Saturday, May 28, 2011

The following quote presents some very insightful and useful principles regarding success in whatever arena applied. It is an encouragement to those who may think they don’t have all it takes.

"We see other men, who, with comparatively slender talents, are the instruments of achieving more important results than are effected by men of far greater endowments. They know precisely the extent of their faculties, and never aim at objects beyond their reach. They carefully survey their means of success, and never fix their attention so strongly upon one point as to overlook others equally important. Never struggling obstinately against the stream, they are constantly ready, as the aspect of things changes, to vary their plans or remit their exertions, yet in all their variations they keep one object steadily in view. Preferring to play a small game rather than to stand out, and content with petty advances when a more rapid progress is impossible, they quicken their pace and enlarge their schemes as fortune favors, and, though unnoticed by the world, exert a more important influence over its destinies than many who have filled a larger space in the eye of mankind. "

Two of my sons are engaged in missionary ventures and both would tell you they have developed in ways they never foresaw. They had one object steadily in view but God brought twists and turns never imagined requiring nearly all of the principles above.

Photo I took in Thailand, quote from Getting On In The World by William Mathews, LL.D.

Monday, May 23, 2011


"It has been remarked that the modest deportment of really wise men, when contrasted to the assuming air of the vain and ignorant, may be compared to the difference of wheat, which, while its ear is empty, holds up its head proudly, but as soon as it is filled with grain bends modestly down and withdraws from observation."

Golden Gems of Life, photo from the internet

Sunday, May 22, 2011

Educating ourselves

“Any and every legitimate means of acquiring information is to be pursued, and all the odds and bits of time pressed into use. Set a high price upon your leisure moments. They are sands of precious gold; properly expended they will procure for you a stock of great thoughts; thoughts that will fill, stir, invigorate, and expand the soul.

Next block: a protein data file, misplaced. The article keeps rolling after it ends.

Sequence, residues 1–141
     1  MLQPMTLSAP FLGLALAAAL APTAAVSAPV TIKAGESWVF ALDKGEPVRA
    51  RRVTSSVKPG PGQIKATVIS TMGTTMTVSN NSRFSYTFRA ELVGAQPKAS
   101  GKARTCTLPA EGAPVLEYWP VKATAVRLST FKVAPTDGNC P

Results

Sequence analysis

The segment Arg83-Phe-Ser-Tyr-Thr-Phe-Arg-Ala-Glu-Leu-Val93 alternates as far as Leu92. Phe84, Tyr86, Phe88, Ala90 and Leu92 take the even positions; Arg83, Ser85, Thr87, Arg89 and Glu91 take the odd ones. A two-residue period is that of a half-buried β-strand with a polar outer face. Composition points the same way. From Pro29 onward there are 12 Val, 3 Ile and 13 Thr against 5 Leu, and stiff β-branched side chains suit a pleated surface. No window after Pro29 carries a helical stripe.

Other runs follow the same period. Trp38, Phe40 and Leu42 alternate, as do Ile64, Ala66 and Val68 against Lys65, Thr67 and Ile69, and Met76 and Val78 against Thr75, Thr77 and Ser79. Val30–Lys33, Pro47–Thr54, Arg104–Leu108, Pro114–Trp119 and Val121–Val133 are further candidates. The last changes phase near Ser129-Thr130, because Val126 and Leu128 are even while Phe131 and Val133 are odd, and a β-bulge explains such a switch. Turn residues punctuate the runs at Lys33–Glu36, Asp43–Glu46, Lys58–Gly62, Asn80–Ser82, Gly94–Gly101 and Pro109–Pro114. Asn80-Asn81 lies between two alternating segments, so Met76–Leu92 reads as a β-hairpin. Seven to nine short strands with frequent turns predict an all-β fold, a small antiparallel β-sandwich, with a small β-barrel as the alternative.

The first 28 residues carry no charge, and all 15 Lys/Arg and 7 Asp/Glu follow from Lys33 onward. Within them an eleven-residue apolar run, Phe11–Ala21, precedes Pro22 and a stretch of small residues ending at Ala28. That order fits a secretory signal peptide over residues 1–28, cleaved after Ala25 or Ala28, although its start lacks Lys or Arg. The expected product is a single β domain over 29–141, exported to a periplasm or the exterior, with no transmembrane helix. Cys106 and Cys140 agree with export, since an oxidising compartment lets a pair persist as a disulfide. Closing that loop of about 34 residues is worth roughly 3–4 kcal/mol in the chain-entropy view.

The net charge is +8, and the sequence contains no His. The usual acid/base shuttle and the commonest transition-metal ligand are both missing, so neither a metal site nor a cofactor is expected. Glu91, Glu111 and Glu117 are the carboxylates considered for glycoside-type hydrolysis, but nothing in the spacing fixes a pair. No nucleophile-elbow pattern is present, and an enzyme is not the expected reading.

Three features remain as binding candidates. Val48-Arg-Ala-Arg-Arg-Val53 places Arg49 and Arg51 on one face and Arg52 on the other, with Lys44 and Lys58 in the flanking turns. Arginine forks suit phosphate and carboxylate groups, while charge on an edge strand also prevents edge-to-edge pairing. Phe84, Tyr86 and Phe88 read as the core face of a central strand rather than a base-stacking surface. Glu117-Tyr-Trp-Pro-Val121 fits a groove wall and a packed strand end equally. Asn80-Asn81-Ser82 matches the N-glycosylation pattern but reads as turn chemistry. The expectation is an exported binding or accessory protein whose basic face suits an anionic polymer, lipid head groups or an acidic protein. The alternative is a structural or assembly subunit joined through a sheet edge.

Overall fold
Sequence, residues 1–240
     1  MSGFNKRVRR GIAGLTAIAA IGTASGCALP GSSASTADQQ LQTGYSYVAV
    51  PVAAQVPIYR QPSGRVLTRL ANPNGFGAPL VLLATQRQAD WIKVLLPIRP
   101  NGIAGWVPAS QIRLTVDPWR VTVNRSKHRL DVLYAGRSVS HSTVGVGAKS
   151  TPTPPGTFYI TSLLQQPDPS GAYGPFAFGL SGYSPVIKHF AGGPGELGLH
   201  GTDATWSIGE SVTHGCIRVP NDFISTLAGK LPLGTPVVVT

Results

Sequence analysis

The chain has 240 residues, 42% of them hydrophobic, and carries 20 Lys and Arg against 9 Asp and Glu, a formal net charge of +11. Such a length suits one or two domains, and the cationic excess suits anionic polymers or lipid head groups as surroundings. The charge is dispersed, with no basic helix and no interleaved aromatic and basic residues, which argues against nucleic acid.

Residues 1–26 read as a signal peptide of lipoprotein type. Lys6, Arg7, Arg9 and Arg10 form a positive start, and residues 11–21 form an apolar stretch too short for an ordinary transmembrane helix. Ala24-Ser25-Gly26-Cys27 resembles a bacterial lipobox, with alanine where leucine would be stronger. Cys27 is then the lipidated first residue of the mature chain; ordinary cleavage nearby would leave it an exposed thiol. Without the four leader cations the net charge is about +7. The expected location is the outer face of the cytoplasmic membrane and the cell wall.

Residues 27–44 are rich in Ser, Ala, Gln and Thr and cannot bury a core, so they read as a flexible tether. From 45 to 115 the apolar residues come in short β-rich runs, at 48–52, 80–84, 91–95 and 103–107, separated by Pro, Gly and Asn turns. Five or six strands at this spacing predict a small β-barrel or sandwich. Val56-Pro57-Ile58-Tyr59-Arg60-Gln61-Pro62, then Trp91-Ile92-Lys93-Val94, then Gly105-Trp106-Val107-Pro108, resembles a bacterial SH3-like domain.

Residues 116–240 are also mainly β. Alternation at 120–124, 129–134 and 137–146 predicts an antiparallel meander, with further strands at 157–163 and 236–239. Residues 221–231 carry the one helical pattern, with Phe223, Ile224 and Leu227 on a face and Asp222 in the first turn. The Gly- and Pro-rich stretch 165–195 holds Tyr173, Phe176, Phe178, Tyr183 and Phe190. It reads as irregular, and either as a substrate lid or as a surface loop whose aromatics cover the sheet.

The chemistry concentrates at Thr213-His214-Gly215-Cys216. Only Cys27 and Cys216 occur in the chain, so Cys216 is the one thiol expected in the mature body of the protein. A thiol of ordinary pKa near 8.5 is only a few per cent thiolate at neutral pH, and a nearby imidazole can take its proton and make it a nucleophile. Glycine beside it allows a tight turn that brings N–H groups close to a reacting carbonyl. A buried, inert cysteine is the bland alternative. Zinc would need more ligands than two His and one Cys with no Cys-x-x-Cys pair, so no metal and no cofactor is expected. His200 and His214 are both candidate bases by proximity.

We should esteem those moments best improved which are employed in developing our own thoughts, rather than in acquiring those of others, since in this kind of intellectual exercise our powers are best brought into action and disciplined for use. Knowledge acquired by labor becomes a possession: a property entirely our own. A greater vividness of impression is secured, and facts thus acquired become registered in the mind in a way that mere imparted information fails of securing. A habit of reflection and observation is well-nigh everything…….

Be not dismayed at doubts, for remember that doubt is the vestibule through which all must pass before they can enter into the temple of wisdom; therefore, when we are in doubt and puzzle out the truth by our own exertions, we have gained a something which will stay by us and serve us again. But if to avoid the trouble of a search we avail ourselves of the superior information of a friend, such knowledge will not remain with us; we have borrowed it and not bought it.”

I think this applies to our religious beliefs more than any other subject. It is easy to say we believe such and such, when in reality we rarely study out a teaching on our own but rather we “borrow” it from the pulpit, creed or denomination.

The Golden Gems of Life, photo from the Internet.

“Both poetry and philosophy are prodigal of eulogy (give lavish applause) over the mind which rescues itself, by its own energy, from a captivity to custom, which breaks the common bonds of empire and cuts a Simplon (Napaloeon’s pass over the Alps) over mountains of difficulty for its own purposes, whether of good or of evil. We can not help admire such a character. It is a positive relief to turn from the contemplation of those relying on some one else for a solution of the difficulties that surround them to those who are strong in their own self-reliance, who, when confronted with fresh trials and difficulties, only put on a more determined mien, and more resolutely apply their own powers to remove the obstacle so unexpectedly put in their way. There is no surer sign of an unmanly and cowardly spirit than a vague desire for help, a wish to depend, to lean upon somebody and enjoy the fruits of the industry of others.”